What Are Personas?
Personas are fictitious users you create based on your user research. Personas summarize your user research findings and provide a practical approach to understanding the requirements of your target audience and keeping user perspectives in mind when designing products and creating documentation for them.
However, bear in mind that, although demographics and task analysis play an important part in persona creation, personas are more than just a collection of user profiles and groups. You should make them as real as you can. They should embody all the human attributes you’d expect to find in your users. For example, they could be moody, very task oriented, work in a specific type of environment, or even hate the idea of referring to documentation unless they are absolutely compelled to do so. To understand the implications their projected reality might have, consider the following persona:
Manas is a technical author with 12 years of experience. In addition to being a busy writer, he spends many hours daily replying to email messages and mentoring his colleagues—answering questions about using the tools his team employs in producing documentation, different types of documentation, and life at work. Manas connects to the Internet through a wireless connection that never fails and spends hours researching answers to questions about writing. Oddly enough, he actually reads computer manuals and online Help for fun, and he has quite a few books on writing and communication competing for space with his Terry Pratchett novels on the bookshelf in his office.
Note this persona’s level of detail versus that you would find in a user profile. The amount of experience Manas has in his field is specific, the persona clearly describes his work environment, and his quirks are apparent. In short, you have a fake, but uncannily real user in whose shoes you can walk when designing your product or writing its documentation.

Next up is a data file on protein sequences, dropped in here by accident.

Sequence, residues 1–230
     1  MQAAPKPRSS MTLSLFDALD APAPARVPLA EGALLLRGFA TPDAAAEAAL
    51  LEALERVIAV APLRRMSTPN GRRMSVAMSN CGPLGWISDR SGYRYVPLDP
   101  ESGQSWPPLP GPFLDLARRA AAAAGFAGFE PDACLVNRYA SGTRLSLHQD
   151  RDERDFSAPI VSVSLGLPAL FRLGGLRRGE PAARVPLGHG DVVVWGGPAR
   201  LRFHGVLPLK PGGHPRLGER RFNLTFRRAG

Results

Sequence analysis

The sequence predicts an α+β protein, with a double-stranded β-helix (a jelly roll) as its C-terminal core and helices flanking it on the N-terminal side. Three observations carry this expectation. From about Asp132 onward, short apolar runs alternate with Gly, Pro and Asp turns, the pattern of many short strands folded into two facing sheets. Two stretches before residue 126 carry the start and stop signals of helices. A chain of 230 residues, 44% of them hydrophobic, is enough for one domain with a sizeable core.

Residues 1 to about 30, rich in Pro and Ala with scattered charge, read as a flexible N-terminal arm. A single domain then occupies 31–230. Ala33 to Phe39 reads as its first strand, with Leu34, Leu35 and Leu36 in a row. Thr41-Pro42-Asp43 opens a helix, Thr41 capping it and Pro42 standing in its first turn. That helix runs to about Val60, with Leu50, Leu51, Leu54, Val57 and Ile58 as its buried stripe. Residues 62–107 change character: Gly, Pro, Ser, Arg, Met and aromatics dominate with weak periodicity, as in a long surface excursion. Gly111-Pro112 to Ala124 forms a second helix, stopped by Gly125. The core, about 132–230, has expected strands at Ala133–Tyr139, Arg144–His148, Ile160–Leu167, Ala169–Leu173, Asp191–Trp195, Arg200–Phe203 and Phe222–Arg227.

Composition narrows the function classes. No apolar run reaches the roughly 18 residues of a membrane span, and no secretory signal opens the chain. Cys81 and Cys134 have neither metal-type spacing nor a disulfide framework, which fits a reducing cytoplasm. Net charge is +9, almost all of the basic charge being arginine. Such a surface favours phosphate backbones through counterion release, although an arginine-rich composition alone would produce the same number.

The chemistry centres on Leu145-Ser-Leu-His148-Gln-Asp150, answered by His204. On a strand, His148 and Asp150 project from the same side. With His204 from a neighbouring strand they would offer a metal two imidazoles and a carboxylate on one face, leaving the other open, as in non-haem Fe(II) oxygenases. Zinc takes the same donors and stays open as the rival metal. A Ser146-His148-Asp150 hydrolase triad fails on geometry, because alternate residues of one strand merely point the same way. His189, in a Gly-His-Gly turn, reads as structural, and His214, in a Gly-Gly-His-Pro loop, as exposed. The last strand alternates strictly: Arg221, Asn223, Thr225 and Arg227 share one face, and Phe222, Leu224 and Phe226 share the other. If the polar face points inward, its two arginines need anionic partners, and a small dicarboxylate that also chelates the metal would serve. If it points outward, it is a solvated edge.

We both work on documentation, so for now, we’ll focus on using personas in creating the documentation for a product.
What would the implications be if you were writing documentation with Manas in mind? To meet his needs, you might deliver documentation in the form of email messages that ask leading questions and direct him to answers, catering to his mentoring nature by encouraging him to share them. You could reach out to Manas by creating sponsored ads on Google, so when he uses his Web browser to do research on a topic relating to the use of your product, he would find links to relevant documentation on your Web site. Such dynamically generated links provide an effective and efficient path to your documentation. Plus, the presence of your documentation on your Web site implies that Manas has instant access to your most recent, minimalist documentation whenever he’s exploring and wants to find alternative channels of learning.
Where Do Personas Fit in the Documentation Development Lifecycle?
A typical documentation development lifecycle (DDLC) has six stages.
- Requirements analysis
- Documentation planning
As the documentation development lifecycle progresses, writers develop greater attachment to their perspectives on what the documentation should be. Their ideas begin to crystallize sometime between their developing a documentation plan and starting writing. They show more openness to making heavy changes to a documentation deliverable during the writing stage than afterward—say, at the review stage. Ironically, the planning and writing stages usually occur when writers know the least about users. This is why creating personas during requirements analysis and documentation planning is optimal.
The benefits of developing personas at the beginning of the documentation development lifecycle are numerous. This approach
- ensures that writers focus on users and are empathetic to users’ goals
- encourages consensus among various stakeholders
- equips all stakeholders to make better decisions
- leads to an efficient documentation process